RAMBO speeds searches on huge DNA databases

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RAMBO speeds searches on huge DNA databases
RAMBO speeds searches on huge DNA databases

HOUSTON – (June 28, 2021) – Rice University computer scientists send a RAMBO to rescue genomic researchers who sometimes wait days or weeks to find search results on large amounts of DNA.

DNA sequencing is very popular, genomic data sets are doubling in size every two years, and data search tools did not continue. Researchers comparing DNA to genomes or studying the evolution of COVID-19 genes often wait weeks for software to identify large, “metagenomic” data, which grows every month and is now measured in petabytes.

RAMBO, short for “duplicate and integrated flower filter,” is a new method that can reduce the time to identify such information from weeks to hours and search times from hours to seconds. Rice University computer scientists unveiled the RAMBO last week at the Association for Computing Machinery data science conference SIGMOD 2021.

“Asking for billions of DNA sequences in a large database with traditional methods can take hours in a large computer database and can take a few weeks on a single server,” said one of RAMBO’s founders, Todd Treangen, a Rice computer scientist with his laboratory focused on metagenomics. “Reducing the identification times of the database, in addition to question times, is very important as the size of the genomic data base continues to grow at an incredible pace.”

To solve the problem, Treangen teamed up with Rice computer scientist Anshumali Shrivastava, who specializes in making algorithms that make big data and machine learning faster and faster, and graduate students Gaurav Gupta and Minghao Yan, co-authors of a peer-reviewed conference in a peer-reviewed RAMBO paper.

RAMBO uses data-based questionnaire times much faster than state-of-the-art genome indexing methods and other advantages such as simplicity, false false scale and low false rating.

“The RAMBO search time is 35 times faster than existing methods,” said Gupta, who is studying for a doctorate in electrical and computer engineering. In a trial using the 170-terabyte dataset of microbial genomes, Gupta said RAMBO had reduced targeting times from “six weeks in a high-quality, dedicated nine-hour collection of shared goods.”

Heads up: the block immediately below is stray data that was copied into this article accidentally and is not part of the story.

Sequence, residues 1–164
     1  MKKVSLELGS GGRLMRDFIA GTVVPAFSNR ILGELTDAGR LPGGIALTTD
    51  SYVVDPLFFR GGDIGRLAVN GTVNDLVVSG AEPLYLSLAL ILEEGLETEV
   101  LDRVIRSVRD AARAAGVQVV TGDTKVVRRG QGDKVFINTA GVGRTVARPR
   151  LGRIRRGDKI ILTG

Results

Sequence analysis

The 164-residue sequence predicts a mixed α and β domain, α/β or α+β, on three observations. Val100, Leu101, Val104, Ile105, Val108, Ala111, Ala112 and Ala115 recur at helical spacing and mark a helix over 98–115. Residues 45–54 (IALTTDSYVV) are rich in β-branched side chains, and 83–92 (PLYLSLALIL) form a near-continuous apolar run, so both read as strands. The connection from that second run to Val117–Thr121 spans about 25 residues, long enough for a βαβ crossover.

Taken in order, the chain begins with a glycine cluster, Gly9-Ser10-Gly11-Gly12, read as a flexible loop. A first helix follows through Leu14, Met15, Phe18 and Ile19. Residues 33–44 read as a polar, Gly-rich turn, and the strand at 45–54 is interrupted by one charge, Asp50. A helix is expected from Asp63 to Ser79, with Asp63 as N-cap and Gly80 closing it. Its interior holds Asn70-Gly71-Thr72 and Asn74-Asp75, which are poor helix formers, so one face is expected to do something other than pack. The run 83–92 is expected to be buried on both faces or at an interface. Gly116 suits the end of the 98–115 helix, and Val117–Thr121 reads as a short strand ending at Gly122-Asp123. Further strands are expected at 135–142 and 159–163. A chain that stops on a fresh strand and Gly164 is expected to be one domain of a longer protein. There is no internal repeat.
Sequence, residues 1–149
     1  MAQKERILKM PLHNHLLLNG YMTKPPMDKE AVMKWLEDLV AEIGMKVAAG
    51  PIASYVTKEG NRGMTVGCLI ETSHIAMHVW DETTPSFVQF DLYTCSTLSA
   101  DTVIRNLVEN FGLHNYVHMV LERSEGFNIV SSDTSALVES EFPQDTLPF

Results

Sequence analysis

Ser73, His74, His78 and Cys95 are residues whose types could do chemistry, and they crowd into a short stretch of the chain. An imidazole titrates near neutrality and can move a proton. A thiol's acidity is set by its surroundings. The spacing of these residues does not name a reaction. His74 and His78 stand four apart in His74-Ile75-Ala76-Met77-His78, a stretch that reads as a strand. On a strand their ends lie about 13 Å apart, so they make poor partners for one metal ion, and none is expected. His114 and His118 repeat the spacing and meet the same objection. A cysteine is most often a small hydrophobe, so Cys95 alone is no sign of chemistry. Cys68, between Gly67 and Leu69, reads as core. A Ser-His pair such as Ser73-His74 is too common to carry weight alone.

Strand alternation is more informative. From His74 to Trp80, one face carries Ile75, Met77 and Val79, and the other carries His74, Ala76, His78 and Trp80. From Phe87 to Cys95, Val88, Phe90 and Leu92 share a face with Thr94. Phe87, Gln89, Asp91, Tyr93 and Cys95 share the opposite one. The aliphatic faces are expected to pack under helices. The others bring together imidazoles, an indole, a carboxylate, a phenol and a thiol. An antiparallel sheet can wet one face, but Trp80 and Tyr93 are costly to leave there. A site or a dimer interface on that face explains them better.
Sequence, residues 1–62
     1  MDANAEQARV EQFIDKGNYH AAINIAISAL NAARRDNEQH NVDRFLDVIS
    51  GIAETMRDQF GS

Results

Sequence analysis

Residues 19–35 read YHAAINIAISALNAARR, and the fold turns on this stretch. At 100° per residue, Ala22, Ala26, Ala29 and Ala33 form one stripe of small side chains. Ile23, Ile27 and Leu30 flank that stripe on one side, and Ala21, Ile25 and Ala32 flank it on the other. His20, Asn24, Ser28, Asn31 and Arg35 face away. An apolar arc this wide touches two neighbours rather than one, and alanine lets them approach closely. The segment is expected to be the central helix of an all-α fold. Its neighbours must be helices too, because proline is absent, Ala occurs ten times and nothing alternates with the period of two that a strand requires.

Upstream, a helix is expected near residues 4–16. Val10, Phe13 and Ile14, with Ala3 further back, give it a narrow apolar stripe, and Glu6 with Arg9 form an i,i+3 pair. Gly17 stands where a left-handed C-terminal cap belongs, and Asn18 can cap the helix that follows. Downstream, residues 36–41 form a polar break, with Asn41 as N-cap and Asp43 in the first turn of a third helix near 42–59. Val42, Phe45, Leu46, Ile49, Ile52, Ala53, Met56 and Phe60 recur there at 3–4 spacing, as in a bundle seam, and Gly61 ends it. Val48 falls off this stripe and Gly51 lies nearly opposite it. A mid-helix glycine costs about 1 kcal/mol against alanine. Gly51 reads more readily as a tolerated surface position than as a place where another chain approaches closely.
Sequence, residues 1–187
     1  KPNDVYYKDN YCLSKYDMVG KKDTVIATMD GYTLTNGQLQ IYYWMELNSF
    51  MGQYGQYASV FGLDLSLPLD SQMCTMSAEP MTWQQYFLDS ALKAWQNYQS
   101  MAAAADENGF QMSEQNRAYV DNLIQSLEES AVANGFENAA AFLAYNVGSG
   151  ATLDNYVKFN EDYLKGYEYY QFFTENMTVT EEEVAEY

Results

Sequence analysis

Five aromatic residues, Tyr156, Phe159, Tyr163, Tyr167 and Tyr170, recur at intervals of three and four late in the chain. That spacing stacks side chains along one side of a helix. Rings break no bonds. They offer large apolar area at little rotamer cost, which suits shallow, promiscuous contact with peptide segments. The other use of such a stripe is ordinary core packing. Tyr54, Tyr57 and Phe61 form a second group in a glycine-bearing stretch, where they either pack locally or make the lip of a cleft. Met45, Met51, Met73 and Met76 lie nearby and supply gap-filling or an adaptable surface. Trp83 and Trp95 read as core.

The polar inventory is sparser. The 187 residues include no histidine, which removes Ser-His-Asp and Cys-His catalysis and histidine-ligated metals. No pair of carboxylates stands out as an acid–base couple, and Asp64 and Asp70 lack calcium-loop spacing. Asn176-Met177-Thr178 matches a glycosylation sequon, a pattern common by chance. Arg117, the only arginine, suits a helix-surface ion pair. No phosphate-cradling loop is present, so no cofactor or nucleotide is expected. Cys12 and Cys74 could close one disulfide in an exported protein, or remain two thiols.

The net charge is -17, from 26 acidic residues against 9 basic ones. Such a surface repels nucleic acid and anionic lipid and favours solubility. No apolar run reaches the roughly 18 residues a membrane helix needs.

Yan, a master’s student in computer science, said, “In this vast archive, RAMBO can research genetic sequences for a few milliseconds, or a few sub-milliseconds using a standard 100-server server.”

RAMBO is improving on the performance of Bloom filters, a hundred-year-old search process used in genomic sequence search in many previous studies. RAMBO improves Bloom’s previous genomic search filters using a data structure that may be known as a minute-drawing diagram that “leads to better question time and memory sales” than previous methods, and “hits the current foundations by achieving more robust, low-memory and ultrafast documents. indexing data, “the authors wrote in the study.

Gupta and Jan claim that RAMBO has the power to democratize search by making any lab quicker and less expensive to search large genomic depots with shelf computers.

“RAMBO could reduce the waiting time for tons of investigations into bioinformatics, such as the demand for the presence of SARS-CoV-2 in contaminated water metagenomes worldwide,” Yan said. “RAMBO can be helpful in studying the genomics of cancer and the emergence of the bacterial genome, for example.”

Shrivastava is a computer science professor and Treangen is an assistant professor of computer science.

Co-authors of the study include Benjamin Coleman, Bryce Kille, Leo Elworth and Tharun Medini.

The research is funded by the National Science Foundation, the Office of the Scientific Research Institute and the Bureau of Water Research.

Found in a 300-hectare forest college in Houston, Rice University is ranked among the top 20 national universities by the U.S. News & World Report. Rice has prestigious schools of Architecture, Business, Continuing Studies, Engineering, Humanities, Music, Natural Sciences and Social Sciences and is home to the Baker Institute for Public Policy. With 3,978 undergraduate and 3,192 undergraduate students, Rice’s undergraduate ratio is less than 6-to-1.

Its local college program builds communities that are united and lifelong friendships, the only reason why Rice is ranked number 1 for most race/class communication and 1 quality for health is Princeton Review. Rice is also rated as the highest value in private universities by Kiplinger’s Personal Finance.

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